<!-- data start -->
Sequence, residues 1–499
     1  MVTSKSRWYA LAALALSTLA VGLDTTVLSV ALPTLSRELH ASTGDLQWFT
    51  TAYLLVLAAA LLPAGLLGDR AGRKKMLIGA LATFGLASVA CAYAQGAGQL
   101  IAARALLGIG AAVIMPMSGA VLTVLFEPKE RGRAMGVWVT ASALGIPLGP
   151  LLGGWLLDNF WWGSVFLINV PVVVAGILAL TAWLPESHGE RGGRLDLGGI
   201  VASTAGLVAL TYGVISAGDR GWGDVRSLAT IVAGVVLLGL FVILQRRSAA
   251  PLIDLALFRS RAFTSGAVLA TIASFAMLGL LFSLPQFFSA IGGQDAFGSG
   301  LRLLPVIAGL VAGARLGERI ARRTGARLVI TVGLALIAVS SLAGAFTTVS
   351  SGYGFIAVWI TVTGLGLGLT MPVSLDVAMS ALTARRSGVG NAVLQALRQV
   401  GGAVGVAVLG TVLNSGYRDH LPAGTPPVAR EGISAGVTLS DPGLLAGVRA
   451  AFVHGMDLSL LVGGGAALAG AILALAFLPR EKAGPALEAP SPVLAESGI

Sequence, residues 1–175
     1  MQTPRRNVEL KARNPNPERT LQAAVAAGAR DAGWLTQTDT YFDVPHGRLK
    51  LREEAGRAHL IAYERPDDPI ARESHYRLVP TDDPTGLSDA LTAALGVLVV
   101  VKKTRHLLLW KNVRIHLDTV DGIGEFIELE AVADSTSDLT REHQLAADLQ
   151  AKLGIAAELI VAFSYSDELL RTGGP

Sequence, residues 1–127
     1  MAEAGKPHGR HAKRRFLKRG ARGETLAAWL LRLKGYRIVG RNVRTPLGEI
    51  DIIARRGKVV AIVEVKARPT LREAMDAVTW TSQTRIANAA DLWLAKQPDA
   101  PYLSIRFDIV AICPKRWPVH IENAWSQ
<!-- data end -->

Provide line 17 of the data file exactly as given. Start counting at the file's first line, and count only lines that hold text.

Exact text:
Sequence, residues 1–127